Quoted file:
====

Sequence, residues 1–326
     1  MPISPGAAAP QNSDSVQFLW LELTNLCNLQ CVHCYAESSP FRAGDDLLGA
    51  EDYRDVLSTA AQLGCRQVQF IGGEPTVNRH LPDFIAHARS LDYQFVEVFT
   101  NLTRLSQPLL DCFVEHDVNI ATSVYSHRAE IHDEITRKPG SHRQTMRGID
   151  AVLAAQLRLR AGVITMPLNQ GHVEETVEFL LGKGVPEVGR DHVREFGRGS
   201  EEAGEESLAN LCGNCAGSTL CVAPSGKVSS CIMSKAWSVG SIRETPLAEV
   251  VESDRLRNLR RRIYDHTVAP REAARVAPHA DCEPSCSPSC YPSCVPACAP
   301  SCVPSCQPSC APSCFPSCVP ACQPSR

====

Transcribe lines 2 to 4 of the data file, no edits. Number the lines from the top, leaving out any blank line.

     1  MPISPGAAAP QNSDSVQFLW LELTNLCNLQ CVHCYAESSP FRAGDDLLGA
    51  EDYRDVLSTA AQLGCRQVQF IGGEPTVNRH LPDFIAHARS LDYQFVEVFT
   101  NLTRLSQPLL DCFVEHDVNI ATSVYSHRAE IHDEITRKPG SHRQTMRGID